The issue here is whether United States Liability Insurance Company must provide collision coverage under the collision *366binder issued by its agent to defendant Bass for the damages caused to the 1979 Ford Thunderbird. We hold that it must.
 Defendant Insurance Company denies the validity of the contract of insurance with Bass, on the ground that Bass had no ownership interest in the car and therefore no insurable interest. We disagree. G.S. 20-4.01(26) defines “owner” as:
A person holding the legal title to a vehicle, or in the event a vehicle is the subject of . . .an agreement for the conditional sale . . . thereof or other like agreement, with the right of purchase upon performance of the conditions stated in the agreement, and with the immediate right of possession vested in the . . . conditional vendee . . . said . . . conditional vendee . . . shall be deemed the owner. . . .
Our Supreme Court has held that “for purposes of tort law and liability insurance coverage, no ownership passes to the purchaser of a motor vehicle which requires registration” until transfer of legal title is effected as provided in G.S. 20-72(b). Insurance Co. v. Hayes, 276 N.C. 620, 640, 174 S.E. 2d 511, 524 (1970) (emphasis supplied). The general rule then, as between vendor and vendee, is that the vendee does not acquire “valid owner’s liability insurance until legal title has been transferred or assigned” to the vendee by the vendor. Ohio Casualty Insurance Co. v. Anderson, 59 N.C. App. 621, 623, 298 S.E. 2d 56, 58 (1982), cert. denied, 307 N.C. 698, 301 S.E. 2d 101 (1983) (emphasis supplied).
The controversy here does not involve liability insurance coverage. Bass made a cash payment for the purchase of a collision insurance policy. Payment was accepted by Insurance Company’s agent and a binder for collision insurance was issued naming Allen Carroll Bass as the potential insured. In issuing this binder to Bass, the Insurance Company provided coverage in addition to that described in G.S. 20-279.21(a), motor vehicle liability policy, and required under G.S. 20-279.21(b)(2). This additional coverage is voluntary and the liability of the carrier for coverage in addition to that required by the Act must be determined according to the terms and conditions of the binder. Caison v. Insurance Co., 36 N.C. App. 173, 243 S.E. 2d 429 (1978). For these reasons we do not find Hayes or the general rule concerning liability insurance as stated in Anderson controlling on the collision insurance coverage here.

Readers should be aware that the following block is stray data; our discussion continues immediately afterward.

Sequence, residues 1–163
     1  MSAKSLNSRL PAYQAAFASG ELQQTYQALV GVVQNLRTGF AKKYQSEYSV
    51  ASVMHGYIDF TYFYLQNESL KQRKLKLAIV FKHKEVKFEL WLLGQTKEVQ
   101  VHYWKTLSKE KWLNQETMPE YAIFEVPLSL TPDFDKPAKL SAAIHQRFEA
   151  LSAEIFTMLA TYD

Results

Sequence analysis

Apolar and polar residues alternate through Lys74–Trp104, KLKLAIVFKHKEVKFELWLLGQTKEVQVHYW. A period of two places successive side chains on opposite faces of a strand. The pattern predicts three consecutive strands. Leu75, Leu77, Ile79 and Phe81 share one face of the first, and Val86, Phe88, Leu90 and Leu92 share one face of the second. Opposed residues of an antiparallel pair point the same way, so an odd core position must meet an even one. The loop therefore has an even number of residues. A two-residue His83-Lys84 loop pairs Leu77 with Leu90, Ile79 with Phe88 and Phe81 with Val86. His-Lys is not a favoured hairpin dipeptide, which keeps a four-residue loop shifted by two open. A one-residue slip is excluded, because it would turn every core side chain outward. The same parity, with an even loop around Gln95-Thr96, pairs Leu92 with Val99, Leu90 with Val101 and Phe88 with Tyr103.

*367Defendant Bass was the “owner” of the vehicle on the date of the accident, 28 February 1981, within the meaning of G.S. 20-4.01(26). He made a cash down payment of $300.00 towards purchase of the car. The sales price and terms of sale had been agreed upon. He agreed to pay the balance of the purchase price and to purchase the car from Roseboro Ford. Further, Bass was given the immediate right of possession of the vehicle.
As owner of the vehicle as defined in G.S. 20-4.01(26), Bass had an insurable interest in the subject matter to be insured. As a general rule, “anyone has an insurable interest in property who derives a benefit from its existence or would suffer loss from its destruction.” 7 Am. Jur. 2d, Automobile Insurance, Section 42 (1980). Pursuant to G.S. 25-2-509(3) risk of loss passes to the buyer upon receipt of the automobile. Bass had obligated himself by contract to comply with the terms of the agreement. Following the accident he could not have simply returned the damaged car and walked away.